Republican Gov. Greg Gianforte signed Senate Bill 280 into law in April, which repealed the rule Democratic Gov. Steve Bullock’s administration instilled back in 2017. This bill passed 26-23 in the Senate and 54-46 in the House. Surprising no one, Republican lawmakers in the state backed the measure pretty strongly. You might remember that Montana recently passed an anti-trans sports bill into law as well, banning trans girls from competing in school and college sports teams that align with their gender.
Marquez explained, as reported by local outlet KTVH, “I would like to change the sex designation on my birth certificate to match my female gender identity, but I am unable to do so because of the law.” The 27-year-old added in a statement that it is a “painful and stigmatizing reminder” that the state refuses to recognize her as a woman. For Marquez, she doesn’t want the surgery right now, and nor can she afford it.
As the suit explains, Marquez has been taking hormones for two years and has already legally changed her name. She is generally read as a woman, so being forced to present an ID document that incorrectly labels her as male is at minimum confusing and could also be legitimately dangerous. The document would essentially “out” her as trans, not to mention the emotional trauma of being misgendered by your own documentation and government.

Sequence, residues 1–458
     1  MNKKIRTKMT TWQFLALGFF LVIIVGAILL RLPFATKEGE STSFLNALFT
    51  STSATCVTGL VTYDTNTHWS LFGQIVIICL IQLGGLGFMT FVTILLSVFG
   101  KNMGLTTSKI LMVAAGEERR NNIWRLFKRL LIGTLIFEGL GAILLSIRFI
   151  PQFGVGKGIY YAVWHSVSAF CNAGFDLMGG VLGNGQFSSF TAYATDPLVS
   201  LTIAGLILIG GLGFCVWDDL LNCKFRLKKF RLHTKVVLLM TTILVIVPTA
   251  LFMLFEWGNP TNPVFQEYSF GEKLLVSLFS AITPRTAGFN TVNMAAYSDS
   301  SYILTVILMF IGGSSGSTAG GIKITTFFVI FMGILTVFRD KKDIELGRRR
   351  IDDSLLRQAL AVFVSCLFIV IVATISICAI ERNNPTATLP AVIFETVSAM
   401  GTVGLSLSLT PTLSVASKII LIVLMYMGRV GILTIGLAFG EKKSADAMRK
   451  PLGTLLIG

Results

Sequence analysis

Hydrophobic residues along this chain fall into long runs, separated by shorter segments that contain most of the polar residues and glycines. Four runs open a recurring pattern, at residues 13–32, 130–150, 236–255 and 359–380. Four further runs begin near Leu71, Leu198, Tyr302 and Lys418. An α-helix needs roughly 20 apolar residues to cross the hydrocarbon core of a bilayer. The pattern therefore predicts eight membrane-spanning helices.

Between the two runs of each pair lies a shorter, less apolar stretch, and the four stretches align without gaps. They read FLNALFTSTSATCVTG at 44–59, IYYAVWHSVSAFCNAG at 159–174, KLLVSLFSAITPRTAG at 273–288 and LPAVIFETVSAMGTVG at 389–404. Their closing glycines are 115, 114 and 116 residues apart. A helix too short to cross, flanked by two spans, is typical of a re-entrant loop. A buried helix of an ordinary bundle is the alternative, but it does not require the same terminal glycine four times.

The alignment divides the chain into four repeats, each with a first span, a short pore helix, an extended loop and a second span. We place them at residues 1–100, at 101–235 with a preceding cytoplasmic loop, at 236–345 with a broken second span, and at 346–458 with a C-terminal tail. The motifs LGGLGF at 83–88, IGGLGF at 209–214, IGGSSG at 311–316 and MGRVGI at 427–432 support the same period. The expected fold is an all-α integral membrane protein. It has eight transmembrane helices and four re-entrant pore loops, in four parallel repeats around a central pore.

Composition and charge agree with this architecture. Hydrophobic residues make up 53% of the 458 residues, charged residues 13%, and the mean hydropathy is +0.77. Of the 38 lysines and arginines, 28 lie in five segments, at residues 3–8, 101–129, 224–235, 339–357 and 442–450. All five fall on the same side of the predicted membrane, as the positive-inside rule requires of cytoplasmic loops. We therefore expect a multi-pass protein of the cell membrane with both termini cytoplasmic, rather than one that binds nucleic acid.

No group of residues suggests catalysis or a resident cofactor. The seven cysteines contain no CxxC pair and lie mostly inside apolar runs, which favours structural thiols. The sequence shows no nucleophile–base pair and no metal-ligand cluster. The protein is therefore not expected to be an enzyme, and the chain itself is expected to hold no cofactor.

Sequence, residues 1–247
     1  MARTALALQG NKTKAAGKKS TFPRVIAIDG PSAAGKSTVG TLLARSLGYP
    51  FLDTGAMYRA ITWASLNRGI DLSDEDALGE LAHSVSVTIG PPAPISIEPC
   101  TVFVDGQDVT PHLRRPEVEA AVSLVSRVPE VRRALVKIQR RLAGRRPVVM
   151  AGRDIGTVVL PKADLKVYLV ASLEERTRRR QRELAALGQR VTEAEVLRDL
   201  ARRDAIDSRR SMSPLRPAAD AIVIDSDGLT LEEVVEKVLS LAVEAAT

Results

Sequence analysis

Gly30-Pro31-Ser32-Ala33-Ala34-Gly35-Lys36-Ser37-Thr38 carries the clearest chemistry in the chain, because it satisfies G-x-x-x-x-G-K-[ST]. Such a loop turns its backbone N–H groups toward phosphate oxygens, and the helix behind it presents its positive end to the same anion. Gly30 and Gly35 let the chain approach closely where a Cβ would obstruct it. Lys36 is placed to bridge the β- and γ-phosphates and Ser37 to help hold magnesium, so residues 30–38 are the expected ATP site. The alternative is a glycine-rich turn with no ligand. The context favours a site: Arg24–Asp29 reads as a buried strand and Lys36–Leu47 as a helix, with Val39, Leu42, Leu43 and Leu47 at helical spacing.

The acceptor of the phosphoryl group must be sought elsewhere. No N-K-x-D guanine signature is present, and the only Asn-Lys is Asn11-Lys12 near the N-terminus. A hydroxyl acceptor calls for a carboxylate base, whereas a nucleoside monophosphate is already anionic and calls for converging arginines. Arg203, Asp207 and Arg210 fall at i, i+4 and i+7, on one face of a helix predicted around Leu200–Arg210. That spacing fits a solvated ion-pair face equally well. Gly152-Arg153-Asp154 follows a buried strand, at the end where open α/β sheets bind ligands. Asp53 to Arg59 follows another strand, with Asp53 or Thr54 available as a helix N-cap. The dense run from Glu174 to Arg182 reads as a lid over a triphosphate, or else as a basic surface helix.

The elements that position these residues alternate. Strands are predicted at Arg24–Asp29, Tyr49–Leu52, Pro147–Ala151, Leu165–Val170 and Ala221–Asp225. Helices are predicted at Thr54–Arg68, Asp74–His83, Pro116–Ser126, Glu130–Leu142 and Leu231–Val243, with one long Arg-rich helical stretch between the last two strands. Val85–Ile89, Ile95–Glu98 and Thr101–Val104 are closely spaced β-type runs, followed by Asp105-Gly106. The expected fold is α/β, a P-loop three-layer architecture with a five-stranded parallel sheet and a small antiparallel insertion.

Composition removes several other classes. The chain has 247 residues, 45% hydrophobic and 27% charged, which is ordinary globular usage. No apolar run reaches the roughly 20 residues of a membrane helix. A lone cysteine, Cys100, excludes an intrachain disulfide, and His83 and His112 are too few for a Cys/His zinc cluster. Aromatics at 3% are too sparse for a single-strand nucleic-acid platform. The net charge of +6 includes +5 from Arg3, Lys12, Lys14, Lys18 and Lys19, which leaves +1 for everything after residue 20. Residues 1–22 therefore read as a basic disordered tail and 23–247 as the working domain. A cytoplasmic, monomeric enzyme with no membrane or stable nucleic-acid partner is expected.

John Doe, the other plaintiff, has slightly different circumstances. The 22-year-old Doe has undergone one gender-affirming surgery, takes hormones, and is in counseling for gender dysphoria, but does not want to have to give that documentation in court. Why? Producing that document in public would also “out” him, and adds a financial and time burden that, again, cis folks don’t have to deal with.
In the big picture, there’s one takeaway that’s important to remember no matter what state or federal requirements are: Trans people are trans. Some people may want to take hormones, for example, or seek one or more surgeries. Some people don’t want to, or can’t access those services, or can’t afford them. Some people will try something, like hormones, then stop taking them, for whatever reason. Some people may change their name or pronouns more than once. That’s all fine, normal, and valid.
Insisting that trans folks meet arbitrary guidelines for being trans “enough” to update identifying documents is hurtful, discriminatory, and, frankly, a waste of time. Whether or not someone has a gender-affirming surgery really makes no difference to the state—it’s just another invasive, exhausting hoop for people to jump through and another way to make people feel excluded and othered.